Elizabeth Meschewski is a Senior Scientific Specialist with ISTC’s Sponsored Research, Public Engagement, and Communications team. She joined ISTC in 2011 as a research assistant in the ARIES group.
Beth communicates ISTC’s research and technical assistance activities by creating displays, posters, and website content. She coordinates ISTC’s Sponsored Research Program, which is funded by the Illinois Hazardous Waste Research Fund (HWRF) and oversees projects funded through HWRF. She also organizes ISTC’s Sustainability Seminar series, the Emerging Contaminants in the Environment conference, and other research related events. She received the 2019 Distinguished Support Staff Award at the Prairie Research Institute’s annual Celebration of Excellence.
How old were you when you first became interested in science? What sparked your interest?
I can’t remember what age but it was pretty early in grade school. It was my dad who got me interested in science. We have watched a lot of Nature and Nova documentaries together. We also had about 13 acres of former pasture land surrounding my childhood home. I helped my dad in various capacities converting it back to natural habitat while growing up. We had several native tree planting events where we would use a homemade giant triangle with 10 foot sides to lay out where the trees would be planted so that they wouldn’t get crowded or shaded out when they got older. We’d also “animal watch” with binoculars on the back porch in the summer or while walking “the path” through our land.
Who or what drew you to your field of study?
I knew I wanted to do something related to the environment for most of my life. I considered meteorology (tornado chaser!) and volcanology but finally settled on geology to study the whole earth. While at university, I had the opportunity to take an environmental geology class and an environmental engineering class. These both discussed the issues of hazardous waste and release of toxins to the environment and how they traveled in the environment. I think this type of science is super interesting. We can track and predict where the “bad stuff” goes so we can fix it. Now I work with people who try to prevent this problem from happening.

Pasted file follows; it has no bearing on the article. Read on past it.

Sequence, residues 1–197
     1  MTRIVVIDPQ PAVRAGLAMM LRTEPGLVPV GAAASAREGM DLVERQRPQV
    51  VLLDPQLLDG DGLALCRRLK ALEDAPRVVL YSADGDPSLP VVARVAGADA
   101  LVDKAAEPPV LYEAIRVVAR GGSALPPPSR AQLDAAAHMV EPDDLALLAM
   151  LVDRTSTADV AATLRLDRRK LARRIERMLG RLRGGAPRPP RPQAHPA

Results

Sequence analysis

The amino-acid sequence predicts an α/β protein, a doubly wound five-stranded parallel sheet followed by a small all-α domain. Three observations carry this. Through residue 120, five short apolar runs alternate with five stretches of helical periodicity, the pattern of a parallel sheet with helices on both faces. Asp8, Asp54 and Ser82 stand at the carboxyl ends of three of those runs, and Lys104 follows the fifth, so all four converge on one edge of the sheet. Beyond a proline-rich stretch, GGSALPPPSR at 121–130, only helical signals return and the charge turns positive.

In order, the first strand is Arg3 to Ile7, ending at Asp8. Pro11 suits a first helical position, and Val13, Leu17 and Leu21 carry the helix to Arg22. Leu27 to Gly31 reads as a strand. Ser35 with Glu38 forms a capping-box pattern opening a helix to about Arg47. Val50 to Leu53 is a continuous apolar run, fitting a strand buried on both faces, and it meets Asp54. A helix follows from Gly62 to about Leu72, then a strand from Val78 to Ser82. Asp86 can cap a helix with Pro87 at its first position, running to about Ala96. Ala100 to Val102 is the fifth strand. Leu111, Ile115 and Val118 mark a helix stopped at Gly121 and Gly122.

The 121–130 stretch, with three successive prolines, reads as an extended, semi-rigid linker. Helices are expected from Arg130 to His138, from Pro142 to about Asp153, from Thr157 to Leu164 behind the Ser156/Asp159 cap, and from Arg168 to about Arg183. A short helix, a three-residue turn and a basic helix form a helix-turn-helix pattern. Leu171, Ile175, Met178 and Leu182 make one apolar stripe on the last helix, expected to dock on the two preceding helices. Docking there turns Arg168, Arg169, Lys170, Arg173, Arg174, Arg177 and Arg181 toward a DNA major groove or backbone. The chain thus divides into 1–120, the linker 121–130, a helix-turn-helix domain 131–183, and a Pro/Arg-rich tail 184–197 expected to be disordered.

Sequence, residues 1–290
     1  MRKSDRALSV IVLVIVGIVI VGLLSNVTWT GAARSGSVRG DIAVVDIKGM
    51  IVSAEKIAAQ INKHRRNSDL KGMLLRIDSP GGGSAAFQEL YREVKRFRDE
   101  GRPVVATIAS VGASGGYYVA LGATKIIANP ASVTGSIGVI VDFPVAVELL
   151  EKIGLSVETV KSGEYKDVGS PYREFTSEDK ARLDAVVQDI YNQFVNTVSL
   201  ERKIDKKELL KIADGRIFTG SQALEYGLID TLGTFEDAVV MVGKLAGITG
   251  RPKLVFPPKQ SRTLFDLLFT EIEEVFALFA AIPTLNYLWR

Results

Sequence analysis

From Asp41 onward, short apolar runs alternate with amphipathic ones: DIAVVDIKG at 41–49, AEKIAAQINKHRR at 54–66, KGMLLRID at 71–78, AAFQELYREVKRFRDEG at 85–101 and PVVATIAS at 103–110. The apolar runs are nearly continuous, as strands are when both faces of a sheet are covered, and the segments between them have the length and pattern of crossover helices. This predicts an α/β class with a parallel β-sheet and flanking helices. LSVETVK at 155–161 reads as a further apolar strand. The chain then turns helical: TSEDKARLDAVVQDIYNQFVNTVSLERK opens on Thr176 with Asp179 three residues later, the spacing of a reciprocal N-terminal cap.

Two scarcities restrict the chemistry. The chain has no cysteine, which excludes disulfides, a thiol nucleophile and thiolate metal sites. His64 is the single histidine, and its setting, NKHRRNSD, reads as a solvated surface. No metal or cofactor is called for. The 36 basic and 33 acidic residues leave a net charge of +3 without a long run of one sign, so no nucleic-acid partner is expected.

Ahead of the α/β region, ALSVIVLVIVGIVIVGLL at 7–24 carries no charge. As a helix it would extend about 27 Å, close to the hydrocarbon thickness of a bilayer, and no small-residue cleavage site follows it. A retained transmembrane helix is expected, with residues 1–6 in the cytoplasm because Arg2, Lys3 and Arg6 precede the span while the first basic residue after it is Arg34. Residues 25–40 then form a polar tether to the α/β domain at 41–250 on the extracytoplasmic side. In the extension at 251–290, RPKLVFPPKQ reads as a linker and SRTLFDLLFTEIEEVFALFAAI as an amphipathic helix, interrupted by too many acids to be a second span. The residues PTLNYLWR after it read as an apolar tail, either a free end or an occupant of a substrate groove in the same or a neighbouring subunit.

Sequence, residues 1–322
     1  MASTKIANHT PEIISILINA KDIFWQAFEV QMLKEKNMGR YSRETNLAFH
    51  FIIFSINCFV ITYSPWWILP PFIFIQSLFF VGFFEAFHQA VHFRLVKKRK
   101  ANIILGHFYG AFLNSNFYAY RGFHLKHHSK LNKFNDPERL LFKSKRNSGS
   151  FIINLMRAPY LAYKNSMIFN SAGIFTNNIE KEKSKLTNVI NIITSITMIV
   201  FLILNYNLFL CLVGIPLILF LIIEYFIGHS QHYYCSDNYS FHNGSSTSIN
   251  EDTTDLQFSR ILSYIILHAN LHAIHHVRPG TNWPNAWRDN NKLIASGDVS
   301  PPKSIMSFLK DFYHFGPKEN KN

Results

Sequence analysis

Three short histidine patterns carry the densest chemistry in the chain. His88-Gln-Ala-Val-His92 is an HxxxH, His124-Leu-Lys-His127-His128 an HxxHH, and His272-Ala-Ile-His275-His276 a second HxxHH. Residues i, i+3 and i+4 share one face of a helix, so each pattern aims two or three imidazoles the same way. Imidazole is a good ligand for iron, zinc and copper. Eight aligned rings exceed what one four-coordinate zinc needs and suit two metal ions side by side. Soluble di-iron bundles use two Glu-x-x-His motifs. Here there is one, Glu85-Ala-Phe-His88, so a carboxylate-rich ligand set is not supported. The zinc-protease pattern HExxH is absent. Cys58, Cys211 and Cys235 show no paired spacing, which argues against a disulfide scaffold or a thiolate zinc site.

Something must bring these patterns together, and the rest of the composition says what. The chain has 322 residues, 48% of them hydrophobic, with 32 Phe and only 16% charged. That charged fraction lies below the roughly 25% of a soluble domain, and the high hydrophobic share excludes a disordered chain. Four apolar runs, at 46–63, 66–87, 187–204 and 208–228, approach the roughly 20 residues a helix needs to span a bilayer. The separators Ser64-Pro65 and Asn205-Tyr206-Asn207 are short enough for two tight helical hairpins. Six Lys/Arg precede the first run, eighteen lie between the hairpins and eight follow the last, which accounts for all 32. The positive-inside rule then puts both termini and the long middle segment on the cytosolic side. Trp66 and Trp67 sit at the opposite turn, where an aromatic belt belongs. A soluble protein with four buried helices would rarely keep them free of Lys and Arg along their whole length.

What is the best part of your job at ISTC and what work are you most proud of?
I think the best part is being able to learn about many different types of science. Each of my colleagues work on different ways to help us become more sustainable through technology. Then I get to read/learn about it and translate it to our website. I’m also an organizational nerd. Another aspect of my job is planning an emerging contaminants conference, which lets me geek out on all the task lists to pull off an excellent event. Keeping up with emerging contaminants science is very interesting as well.
What’s your favorite work-related memory?
One of our projects involved converting waste plastic back into the oil from which it started. Then that oil could be converted into several different types of fuel including diesel and gasoline. To illustrate this concept, we took photos of me pretending to put a plastic bag into the fuel tank of one of our center vehicles. This photo definitely spoke a 1000 words.
What are common misconceptions about your career?
When I say I work at the Illinois Sustainable Technology Center, people often follow up with “oh so you work on solar panels and wind power?” I usually have to say something like “Well, not quite”. We actually work on cutting edge technology. Like what happens to solar panels when they are broken or no longer producing power economically? We’ve started a solar panel recycling initiative. We also work on ways to create energy from waste products and investigate emerging contaminants that have unknown or little known impacts on the environment.
What do you wish more people understood about science or being a scientist?
I wish people understood that science is never done. Meaning that we might think we have a good understanding of some science today but then some discovery might be made that changes everything. We see this throughout history. One example is people used to think that the earth was a flat disk with defined edges instead of sphere, but Aristotle proposed the theory of a spherical earth with observational data – people saw different star patterns in the sky when traveling.
What advice would you give to future scientists?
Find your passion! As a scientist you can make a difference in both public and private realms. There is value in providing high quality scientific information to policy makers, taking discoveries to industry, and publishing papers.
If you could switch jobs with someone, who would it be?
I think I would be a construction worker / contractor. I’ve always liked problem solving and putting together puzzles / box furniture. Working on a construction site seems like a good combination of both (from my limited knowledge of the field).